Terry McCaleb is an ex-FBI profiler and recent recipient of a new heart. He is still recovering from the major surgery when the sister of the donor reveals she was killed in a convenience store hold-up. Her murder remains unsolved – the police have exhausted all their leads – and the sister wants McCaleb to investigate.
He does, driven by the enormous debt he owes the victim – and his immediate attraction to her sister. What follows is an immensely satisfying and convoluted tale, that twists and turns and excites with every chapter. Connelly leads readers in one direction, then slams on the brakes and takes another – and soon McCaleb finds himself the prime suspect in his own investigation, which coincides with renewed interest in the case from the LAPD and his ex-Federal colleagues.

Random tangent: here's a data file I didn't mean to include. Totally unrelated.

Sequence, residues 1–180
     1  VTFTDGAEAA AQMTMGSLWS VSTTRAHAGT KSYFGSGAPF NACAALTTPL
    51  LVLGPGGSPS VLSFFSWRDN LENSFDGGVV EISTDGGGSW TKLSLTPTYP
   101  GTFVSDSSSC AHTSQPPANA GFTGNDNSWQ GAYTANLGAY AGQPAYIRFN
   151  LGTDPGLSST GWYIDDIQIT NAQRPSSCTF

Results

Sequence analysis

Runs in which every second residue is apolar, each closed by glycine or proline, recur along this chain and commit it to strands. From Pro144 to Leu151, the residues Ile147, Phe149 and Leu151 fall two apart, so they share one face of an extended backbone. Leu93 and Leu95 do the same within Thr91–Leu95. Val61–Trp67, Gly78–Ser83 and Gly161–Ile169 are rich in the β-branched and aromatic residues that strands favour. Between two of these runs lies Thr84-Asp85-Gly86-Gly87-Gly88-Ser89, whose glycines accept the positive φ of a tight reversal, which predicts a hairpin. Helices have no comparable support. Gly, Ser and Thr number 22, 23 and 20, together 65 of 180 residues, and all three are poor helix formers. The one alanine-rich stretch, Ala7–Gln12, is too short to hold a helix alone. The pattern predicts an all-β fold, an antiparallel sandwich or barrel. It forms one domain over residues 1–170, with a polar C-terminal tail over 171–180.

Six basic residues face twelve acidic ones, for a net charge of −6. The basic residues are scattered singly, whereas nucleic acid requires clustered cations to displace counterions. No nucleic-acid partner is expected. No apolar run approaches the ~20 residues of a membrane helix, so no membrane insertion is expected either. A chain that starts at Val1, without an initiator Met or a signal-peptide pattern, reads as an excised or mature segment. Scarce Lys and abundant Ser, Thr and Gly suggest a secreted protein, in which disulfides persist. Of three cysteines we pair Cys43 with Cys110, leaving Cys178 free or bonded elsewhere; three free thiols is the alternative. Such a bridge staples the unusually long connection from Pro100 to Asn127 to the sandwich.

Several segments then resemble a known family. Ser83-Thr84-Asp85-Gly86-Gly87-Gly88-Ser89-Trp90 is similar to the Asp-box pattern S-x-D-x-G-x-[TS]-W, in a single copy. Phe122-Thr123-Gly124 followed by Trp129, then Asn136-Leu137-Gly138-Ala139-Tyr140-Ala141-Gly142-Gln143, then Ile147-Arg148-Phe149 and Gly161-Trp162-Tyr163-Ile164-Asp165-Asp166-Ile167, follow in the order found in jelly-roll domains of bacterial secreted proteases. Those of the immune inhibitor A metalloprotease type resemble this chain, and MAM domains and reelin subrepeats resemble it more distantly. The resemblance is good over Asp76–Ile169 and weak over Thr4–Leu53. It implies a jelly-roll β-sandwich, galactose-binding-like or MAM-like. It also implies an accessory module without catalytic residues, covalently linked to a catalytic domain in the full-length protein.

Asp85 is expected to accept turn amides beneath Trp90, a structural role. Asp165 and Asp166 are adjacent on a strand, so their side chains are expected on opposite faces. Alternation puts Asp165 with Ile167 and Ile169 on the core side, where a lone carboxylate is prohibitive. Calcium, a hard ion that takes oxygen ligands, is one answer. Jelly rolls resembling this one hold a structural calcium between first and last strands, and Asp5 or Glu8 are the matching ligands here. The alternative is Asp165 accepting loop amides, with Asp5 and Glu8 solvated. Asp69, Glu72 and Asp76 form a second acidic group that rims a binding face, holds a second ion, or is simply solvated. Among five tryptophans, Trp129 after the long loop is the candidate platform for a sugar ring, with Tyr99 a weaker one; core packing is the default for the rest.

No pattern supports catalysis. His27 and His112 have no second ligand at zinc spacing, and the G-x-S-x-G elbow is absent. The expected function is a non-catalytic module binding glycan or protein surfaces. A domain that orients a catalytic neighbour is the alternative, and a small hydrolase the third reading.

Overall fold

Connelly never overplays McCaleb’s depleted physical condition. I wrongly assumed a scene would occur somewhere in the novel, probably towards its conclusion, where McCaleb’s new heart would begin to falter, but Connelly avoids this contrivance, and the novel is far better for it.
BLOOD WORK is the perfect introduction to Michael Connelly’s body of work. A standalone tale – McCaleb features in future novels, but not as the protagonist – that once again validates Connelly’s place as one of the greatest contemporary crime writers.